January 29, 2013

Politico’s ‘Quiet Liberal Plans for Entitlements’ Are Predominantly Tax Increases, Redistributions of Wealth

The front-page title at the Politico for David Nather’s lengthy write-up on Democrats’ alleged ideas for doing something about runaway entitlement programs is “The quiet liberal plan for entitlements; There are some ideas for reining in spending that have been blessed by the left.” That gives readers the impression that the left might actually have something specific and potentially palatable in mind.

No such luck. The actual title at Nather’s write-up, however, pluralizes “plan” — “The quiet liberal plans for entitlements.” Its itemization of the supposedly brilliant ideas for reform liberals have in mind are dominated by tax increases and income redistribution measures which fail to structurally reform anything.

I’ll focus only on the items Nather identified relating to Social Security (numbered tags added by me):

Ask liberals about GOP demands to rein in Social Security and Medicare spending, and many say this: no way.

But the truth is, there are a number of ideas to do just that already sitting on the shelves of influential liberal think tanks around Washington.

They wouldn’t add up to a massive overhaul of the system, and Democrats are trying to push the biggest Medicare savings off the table — and they don’t want to touch Medicaid at all.

Even so, the ideas that already have been blessed by groups on the left could allow President Barack Obama to get the discussion on entitlements going without infuriating his base.

Here are the highlights of the Democratic entitlement reform menu:

Social Security: ‘Chained CPI’
(Ten-Year) Savings: $112 billion [1]

… Social Security: Lift cap on taxable earnings
Revenues: $500 billion or more [2]

Social Security: Change the benefit formula
Savings: Would close half of Social Security shortfall

Another big item on the liberals’ agenda would be to change the way Social Security is distributed — giving more to low-income seniors and less to high-income seniors. [3]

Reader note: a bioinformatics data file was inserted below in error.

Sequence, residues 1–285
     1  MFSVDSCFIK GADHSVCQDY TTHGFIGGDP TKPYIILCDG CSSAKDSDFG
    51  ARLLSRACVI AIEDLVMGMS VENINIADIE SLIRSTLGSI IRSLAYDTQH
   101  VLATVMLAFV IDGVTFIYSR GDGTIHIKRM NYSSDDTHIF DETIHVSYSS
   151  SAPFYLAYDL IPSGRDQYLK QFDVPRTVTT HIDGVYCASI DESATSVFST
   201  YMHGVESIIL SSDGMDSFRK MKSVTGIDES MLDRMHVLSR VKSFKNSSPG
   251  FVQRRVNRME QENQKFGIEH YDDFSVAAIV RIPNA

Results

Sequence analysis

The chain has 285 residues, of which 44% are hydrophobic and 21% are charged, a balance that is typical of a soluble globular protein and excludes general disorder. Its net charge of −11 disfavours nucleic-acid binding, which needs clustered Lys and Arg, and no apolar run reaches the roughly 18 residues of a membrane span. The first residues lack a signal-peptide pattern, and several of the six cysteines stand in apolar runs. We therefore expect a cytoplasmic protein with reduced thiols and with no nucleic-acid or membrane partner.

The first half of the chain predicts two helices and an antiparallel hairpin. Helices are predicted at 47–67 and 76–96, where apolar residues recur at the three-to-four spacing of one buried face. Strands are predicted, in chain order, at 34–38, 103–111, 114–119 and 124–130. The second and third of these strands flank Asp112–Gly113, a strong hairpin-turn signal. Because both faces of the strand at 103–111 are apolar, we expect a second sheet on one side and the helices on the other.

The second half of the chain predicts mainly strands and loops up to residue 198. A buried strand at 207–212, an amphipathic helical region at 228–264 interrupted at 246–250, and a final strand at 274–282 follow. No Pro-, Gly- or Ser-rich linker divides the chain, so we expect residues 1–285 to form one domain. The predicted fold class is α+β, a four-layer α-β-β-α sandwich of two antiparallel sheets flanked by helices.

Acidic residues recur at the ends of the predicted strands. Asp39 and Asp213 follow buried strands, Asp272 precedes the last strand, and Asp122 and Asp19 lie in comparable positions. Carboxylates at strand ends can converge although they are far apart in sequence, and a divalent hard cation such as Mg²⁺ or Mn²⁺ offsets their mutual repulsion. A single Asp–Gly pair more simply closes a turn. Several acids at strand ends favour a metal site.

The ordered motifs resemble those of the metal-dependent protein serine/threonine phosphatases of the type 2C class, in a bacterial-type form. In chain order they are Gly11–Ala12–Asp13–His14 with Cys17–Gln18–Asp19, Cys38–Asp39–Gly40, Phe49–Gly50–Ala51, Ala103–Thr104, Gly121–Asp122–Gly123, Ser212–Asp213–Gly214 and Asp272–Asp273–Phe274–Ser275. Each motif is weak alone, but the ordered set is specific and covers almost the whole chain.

Idea [1] is only a tweak, but at least it’s progress, and a legitimate reform. But Nather notes that it also has fierce opposition from many core Democrat constituencies, making it more of a pipe dream than anything resembing an idea with a chance of seeing the light of day.

Idea [2] is nothing but a huge tax increase (more than likely without any additional retirement benefits for people who are socked with the extra taxes.

Idea [3] makes Social Security even more redistributionist than it already is. The “Your Retirement Benefit: How It Is Figured” page at Social Security’s web site shows how skewed benefits already are to lower-income workers (go to Step 5 after clicking to open up the “Estimating your Social Security retirement benefit”; annual amounts added by me to enhance understanding):

a. Multiply the first $791 (in Average

inflation-adjusted Monthly Earnings, or $9,492 in

average annual earnings) in Step 4 by 90%. $__________________

b. Multiply the amount in Step 4 over $791 and
less than or equal to $4,768 (or between $9,492
and $57,216 in average annual earnings) by 32%. $__________________

c. Multiply the amount in Step 4 over $4,768
(or $57,216 in average annual earnings) by 15%. $__________________

The sum of items a, b, and c represent the monthly (annual) benefit at Full Retirement Age (currently 66).

Here’s an example: If a person’s average inflation-adjusted annual earnings during their work career was $30,000 ($2,500 per month), their Social Security benefit at Full Retirement Age would be:

90% x $9,492 plus 32% x $20,508 =
$8,543 plus $6,563 =
$15,106 per year ($1,259 per month)

This person will be receiving a benefit of roughly 50% of their average career earnings.

Another example: The same calclation done on someone with average annual earnings of $90,000 ($7,500 per month) yields the following benefit:

90% x $9,492 plus 32% x $47,724 plus 15% x $32,784 =
$8,543 plus $15,272 + $4,918 =
$28,733 ($2,394 per month)

This person will be receiving a benefit of roughly 32% of their average career earnings, even though they paid three times as much into the Social Security system during their working career as the first person illustrated who is getting 50% of his or earning back in monthly benefits. You can’t get much more “progressive” (i.e., income-redistributing) than that.

Keep in mind that since benefits aren’t taxable unless one has a fair amount of income from other sources, that first 90% tier is the rough equivalent, depending on where you live, of 100% income replacement. Yet Democrats clearly want to skew things even further.

Items [2] and [3], which as far as the left is concerned are the places where the real money is, are simply more of the same: tax, spend, and redistribute.

David Nather really didn’t have anything new to report.

Cross-posted at NewsBusters.org.

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